Since 2000, the rise of China’s economy has gained momentum and anyone can see it. It also began to attract the attention and research of many political economists. On the real side, many SME owners had ‘boldly moved west’ long before the Tiananmen Square incident on June 4, 1989. The Tiananmen Incident did not deter these people either. The smell of money, apparently, overshadowed the smell of blood.
The most daring prophecy of the time was “China’s Impending Collapse”, published by Gordon Chang in 2001. Gordon Chang is an American scholar of Chinese descent. He has the freedom of information, thought and publication in the free world. This is his advantage. The boldest of his prophecies was that he thought China would collapse in five to ten years’ time. The reason is that there is a fundamental contradiction between China’s political system and its economically open capitalist market economy. Two important factors that he underestimated were the control of the Chinese Communist Party and the slavish and animalistic nature of the Chinese people. And the second point is the very basis of the CCP’s control. Not to mention five years and ten years, twenty years have passed by today and China has not collapsed.
Taiwan’s small and medium-sized business owners, who are in the most ‘money’ line of the battlefield, are the ones who are witnessing the ‘now-going’ in the fire. With their keen sense of smell and highly flexible adaptability and penetration of the business environment, they would rather trust their own judgment based on their experience and intuition from actual exposure than believe the predictions made by scholars based on research materials and theories. The general trend in the economy is visible to everyone. But that won’t change radically in a very short period of time (say five or ten years). The flexibility of Taiwan’s SME adventurers and their thinking about business operations (e.g. the concept of sustainable management) is not something that these scholars can understand.
People who decide on business operations based on ideology type will not be the majority. If your money is given to you by the Communist Party (e.g., collusion between business and government), if China really collapses one day, you will have to go with him to the end, with little choice and no complaints. Competent and far-sighted business owners, who know the principle of ‘three caves for a cunning rabbit’. They have long smelled the scent of danger, but also far-sightedly set up factories in Southeast Asian countries. There are even those who have set up factories in Isobia.
Smaller adventurers, some earn money, see the good, not to play with him to the end, and no capital to play with him to hang. They were still in their prime thirty years ago, with energy and dreams of middle-aged people, and now they have reached the age of retirement. Not to talk about the unfavorable international political situation, the business environment alone, in and out of the pinch, really do not need scholars to predict, they should be very easy to judge. What “China Trap” 2001, “China Fever” 2002, “Desire for China” 2005, “Empire of Lies” 2006, “Age of Ambition” 2015, etc., are mainly academic studies of scholars, or personal experiences of journalists. In fact, Taiwan’s businessmen are all witnesses who have personally experienced coming through the tiger’s den, without the need for scholars to say much.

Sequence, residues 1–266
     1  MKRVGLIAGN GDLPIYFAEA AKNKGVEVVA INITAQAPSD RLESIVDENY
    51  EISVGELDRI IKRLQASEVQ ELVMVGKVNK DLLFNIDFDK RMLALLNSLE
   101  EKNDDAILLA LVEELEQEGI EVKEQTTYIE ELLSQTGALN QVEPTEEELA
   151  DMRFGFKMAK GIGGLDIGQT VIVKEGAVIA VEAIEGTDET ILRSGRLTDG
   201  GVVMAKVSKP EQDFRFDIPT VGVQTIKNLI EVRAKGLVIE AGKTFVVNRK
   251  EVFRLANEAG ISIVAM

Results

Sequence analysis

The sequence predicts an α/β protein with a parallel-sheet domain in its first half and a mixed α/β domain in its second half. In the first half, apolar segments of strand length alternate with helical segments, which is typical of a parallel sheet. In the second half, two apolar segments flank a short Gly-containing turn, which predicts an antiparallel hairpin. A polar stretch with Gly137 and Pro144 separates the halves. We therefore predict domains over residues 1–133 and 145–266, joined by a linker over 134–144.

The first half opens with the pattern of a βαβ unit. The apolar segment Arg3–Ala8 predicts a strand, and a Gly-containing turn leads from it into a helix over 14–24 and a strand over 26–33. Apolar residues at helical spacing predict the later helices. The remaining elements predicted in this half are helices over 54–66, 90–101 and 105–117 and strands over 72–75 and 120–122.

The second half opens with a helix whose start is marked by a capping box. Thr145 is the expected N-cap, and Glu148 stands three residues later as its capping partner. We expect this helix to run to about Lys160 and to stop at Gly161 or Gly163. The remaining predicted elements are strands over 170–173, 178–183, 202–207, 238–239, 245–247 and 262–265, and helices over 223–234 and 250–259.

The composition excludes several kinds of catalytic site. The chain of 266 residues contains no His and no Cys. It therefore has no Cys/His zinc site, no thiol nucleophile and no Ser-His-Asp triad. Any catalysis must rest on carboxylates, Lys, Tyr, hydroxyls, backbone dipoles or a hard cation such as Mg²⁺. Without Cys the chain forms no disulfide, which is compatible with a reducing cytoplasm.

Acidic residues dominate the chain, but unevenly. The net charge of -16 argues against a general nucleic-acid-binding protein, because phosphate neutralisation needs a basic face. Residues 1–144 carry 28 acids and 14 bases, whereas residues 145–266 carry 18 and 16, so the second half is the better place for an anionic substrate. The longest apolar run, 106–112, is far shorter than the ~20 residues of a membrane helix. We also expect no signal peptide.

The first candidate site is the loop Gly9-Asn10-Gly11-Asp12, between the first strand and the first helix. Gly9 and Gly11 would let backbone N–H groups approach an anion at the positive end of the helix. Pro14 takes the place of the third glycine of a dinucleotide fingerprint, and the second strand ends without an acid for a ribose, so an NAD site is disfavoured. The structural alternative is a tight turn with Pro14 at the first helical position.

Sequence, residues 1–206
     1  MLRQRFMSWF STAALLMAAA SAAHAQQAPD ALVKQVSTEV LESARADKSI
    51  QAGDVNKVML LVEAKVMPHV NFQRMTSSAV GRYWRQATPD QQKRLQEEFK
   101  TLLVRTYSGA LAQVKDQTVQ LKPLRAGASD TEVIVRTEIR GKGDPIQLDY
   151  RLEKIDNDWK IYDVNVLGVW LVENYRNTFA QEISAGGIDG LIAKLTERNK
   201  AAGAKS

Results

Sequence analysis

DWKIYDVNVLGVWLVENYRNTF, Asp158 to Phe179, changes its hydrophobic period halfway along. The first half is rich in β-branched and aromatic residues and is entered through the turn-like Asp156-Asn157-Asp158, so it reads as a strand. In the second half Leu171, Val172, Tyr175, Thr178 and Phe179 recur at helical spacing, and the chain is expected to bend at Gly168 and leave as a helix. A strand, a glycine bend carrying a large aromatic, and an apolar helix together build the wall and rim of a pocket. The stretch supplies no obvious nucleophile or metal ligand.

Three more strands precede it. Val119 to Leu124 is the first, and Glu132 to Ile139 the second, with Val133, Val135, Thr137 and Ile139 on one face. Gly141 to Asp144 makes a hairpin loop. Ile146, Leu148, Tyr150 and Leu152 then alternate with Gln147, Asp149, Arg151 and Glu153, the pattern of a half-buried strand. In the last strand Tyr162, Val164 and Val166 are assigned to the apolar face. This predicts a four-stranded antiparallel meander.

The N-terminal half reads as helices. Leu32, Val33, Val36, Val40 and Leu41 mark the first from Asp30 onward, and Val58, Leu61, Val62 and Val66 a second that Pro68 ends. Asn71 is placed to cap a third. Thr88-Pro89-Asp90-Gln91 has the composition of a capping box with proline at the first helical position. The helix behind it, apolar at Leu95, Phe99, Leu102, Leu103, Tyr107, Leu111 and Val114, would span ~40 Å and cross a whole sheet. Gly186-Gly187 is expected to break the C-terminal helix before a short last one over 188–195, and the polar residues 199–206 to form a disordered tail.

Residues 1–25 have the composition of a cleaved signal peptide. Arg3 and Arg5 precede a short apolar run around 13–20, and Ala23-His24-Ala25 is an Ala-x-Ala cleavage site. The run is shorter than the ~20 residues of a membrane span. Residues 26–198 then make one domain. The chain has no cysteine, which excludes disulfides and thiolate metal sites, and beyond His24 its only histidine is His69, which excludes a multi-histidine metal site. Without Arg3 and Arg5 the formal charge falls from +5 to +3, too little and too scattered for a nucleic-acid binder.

The fate of Taiwan’s nation faces a critical moment
We need not worry for Taiwan’s businessmen. But we have a bigger issue to be concerned about. That is the safety and development of the Taiwanese nation. For this reason, we still need to pay attention to the research and observation of scholars, which is, after all, their profession. They will provide their unique insights based on a lot of information and data.
Recently, the situation has become increasingly serious because of China’s threats against Taiwan, and the international diplomatic situation is very unfavorable to China’s siege. The fate of the nation of Taiwan seems to have come to a critical moment.
Since China is a great enemy, wouldn’t the threat to Taiwan be naturally lifted if China collapsed? I recently read “China Collapses but Does Not Collapse,” published in Taiwan in 2017 by Ching-lien Ho and Xiaonong Cheng, Chinese-American political and economic scholars in the United States. This is a banned book in China because the book has too much documented information that the CCP fears the people will see. Even though the information on which it is based is very detailed and the research attitude is less ideologically biased, we do not have to necessarily believe their final conclusion that China collapses but does not collapse.